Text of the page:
Head Injuries Common in Nursing Home Falls: Study
Using arms to break falls didn't work, video analysis showed
MONDAY, Oct. 7, 2013 (HealthDay News) -- When seniors in long-term care facilities fall, more than a third hit their heads, a new study shows.
Researchers analyzed video footage of 227 falls suffered by 133 seniors in a long-term care facility and found that they struck their heads in 37 percent of the incidents. People hit their head on the floor in 63 percent of such cases, most often striking hard flooring, such as tile or linoleum. Sixteen percent struck their head on furniture and 13 percent hit their head on a wall.
The finding that head impact occurred in that many falls is alarming, said study author Stephen Robinovitch, of Simon Fraser University in Vancouver, British Columbia, and colleagues. He noted that young people rarely strike their head when they fall.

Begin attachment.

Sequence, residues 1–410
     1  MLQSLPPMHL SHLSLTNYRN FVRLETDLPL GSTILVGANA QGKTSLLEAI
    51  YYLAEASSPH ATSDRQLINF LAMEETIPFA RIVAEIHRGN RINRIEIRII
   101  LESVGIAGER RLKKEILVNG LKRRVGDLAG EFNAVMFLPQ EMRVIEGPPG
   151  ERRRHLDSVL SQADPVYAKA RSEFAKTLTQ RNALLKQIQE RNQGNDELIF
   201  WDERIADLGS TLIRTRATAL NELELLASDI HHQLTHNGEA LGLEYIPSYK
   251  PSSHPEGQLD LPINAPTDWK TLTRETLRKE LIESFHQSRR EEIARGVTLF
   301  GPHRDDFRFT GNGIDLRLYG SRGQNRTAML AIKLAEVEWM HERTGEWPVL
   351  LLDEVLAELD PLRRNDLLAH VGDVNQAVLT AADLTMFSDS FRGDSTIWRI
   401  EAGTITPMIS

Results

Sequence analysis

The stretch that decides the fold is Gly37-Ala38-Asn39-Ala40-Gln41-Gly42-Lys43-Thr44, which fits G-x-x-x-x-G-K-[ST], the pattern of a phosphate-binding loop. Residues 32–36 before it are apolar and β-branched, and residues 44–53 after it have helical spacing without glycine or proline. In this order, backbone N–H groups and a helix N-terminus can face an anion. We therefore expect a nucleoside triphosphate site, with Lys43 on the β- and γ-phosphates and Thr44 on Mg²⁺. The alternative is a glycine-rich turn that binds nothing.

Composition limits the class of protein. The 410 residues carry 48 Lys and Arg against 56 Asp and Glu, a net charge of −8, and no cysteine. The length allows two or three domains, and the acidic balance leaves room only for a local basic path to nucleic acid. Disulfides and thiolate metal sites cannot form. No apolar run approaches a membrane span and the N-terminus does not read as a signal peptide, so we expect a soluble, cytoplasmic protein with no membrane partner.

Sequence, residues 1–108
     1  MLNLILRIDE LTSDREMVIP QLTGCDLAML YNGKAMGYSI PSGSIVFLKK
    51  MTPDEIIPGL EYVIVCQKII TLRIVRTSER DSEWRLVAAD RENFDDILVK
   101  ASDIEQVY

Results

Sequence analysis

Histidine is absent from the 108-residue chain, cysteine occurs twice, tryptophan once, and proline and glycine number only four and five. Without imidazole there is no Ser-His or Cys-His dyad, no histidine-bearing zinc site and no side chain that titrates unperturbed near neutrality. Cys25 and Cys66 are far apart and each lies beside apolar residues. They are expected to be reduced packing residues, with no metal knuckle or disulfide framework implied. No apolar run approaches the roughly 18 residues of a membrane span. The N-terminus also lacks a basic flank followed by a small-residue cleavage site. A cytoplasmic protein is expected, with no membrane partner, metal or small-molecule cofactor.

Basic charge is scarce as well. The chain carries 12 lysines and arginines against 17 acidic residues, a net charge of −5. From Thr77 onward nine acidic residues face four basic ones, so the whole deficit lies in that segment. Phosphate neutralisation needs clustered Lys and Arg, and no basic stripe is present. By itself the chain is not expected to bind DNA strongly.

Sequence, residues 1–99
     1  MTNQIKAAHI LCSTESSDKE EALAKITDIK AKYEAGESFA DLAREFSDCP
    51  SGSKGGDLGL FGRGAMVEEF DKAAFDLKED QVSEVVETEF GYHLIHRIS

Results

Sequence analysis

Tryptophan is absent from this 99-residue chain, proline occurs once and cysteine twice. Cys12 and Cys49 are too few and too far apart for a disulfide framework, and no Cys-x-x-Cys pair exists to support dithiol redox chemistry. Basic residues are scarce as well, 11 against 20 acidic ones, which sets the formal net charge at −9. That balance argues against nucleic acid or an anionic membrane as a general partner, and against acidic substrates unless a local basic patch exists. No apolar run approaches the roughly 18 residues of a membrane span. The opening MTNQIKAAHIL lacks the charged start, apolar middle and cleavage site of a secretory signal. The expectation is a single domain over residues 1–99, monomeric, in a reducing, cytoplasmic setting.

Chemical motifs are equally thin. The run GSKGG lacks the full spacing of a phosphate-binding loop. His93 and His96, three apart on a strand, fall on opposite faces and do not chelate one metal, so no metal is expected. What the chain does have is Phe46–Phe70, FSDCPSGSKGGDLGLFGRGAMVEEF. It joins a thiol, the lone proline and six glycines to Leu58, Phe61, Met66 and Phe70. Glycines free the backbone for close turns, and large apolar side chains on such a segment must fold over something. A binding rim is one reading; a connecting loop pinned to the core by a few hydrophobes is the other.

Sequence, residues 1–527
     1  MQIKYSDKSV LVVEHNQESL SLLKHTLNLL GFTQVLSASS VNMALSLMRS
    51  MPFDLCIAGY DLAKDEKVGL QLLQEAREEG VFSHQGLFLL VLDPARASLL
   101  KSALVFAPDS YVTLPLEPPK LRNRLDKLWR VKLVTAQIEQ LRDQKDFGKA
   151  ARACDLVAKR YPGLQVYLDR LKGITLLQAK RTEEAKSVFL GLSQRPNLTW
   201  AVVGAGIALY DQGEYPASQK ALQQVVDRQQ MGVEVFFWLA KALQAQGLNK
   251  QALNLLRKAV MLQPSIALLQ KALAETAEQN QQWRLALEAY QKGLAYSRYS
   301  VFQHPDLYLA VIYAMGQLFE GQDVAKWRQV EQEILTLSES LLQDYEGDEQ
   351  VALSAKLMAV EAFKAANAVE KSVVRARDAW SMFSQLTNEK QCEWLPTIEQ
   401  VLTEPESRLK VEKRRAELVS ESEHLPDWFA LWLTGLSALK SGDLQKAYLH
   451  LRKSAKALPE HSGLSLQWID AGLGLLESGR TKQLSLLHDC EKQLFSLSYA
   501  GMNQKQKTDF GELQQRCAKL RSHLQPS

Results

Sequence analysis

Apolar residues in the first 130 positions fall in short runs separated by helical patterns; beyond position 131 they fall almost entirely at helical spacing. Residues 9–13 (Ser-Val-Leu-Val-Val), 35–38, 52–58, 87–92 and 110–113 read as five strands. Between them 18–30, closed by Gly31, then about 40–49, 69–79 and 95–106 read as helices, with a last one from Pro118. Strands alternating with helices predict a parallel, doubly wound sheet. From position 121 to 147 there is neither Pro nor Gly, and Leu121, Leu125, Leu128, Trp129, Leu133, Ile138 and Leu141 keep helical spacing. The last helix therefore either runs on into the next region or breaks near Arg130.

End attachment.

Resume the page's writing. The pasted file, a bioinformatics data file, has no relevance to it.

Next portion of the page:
The study was published Oct. 7 in the CMAJ (Canadian Medical Association Journal).
The risk for head impact was much higher for forward falls than for backward falls, and attempts to use the arms to break falls were ineffective, according to a journal news release.
"Although we cannot identify why hand impact was generally ineffective in halting downward movement and preventing head impact, likely causes include ineffective arm placement; non-optimal muscle tone or muscle activation at impact; and insufficient strength in upper-limb, neck and trunk muscles, which is amenable to improvement through resistance training," the researchers wrote.
They said their findings suggest a number of areas for improvement, including better procedures to detect possible brain injuries due to falls in long-term care residents and exercises to strengthen upper limbs.
Creating a safer environment is another suggestion -- such as adding a flooring sub-layer that is soft enough to cushion the impact but not so soft that it impairs balance.
The U.S. National Institute on Aging has more about older adults and falls (http://nihseniorhealth.gov/falls/aboutfalls/01.html ).
SOURCE: CMAJ (Canadian Medical Association Journal), news release, Oct. 7, 2013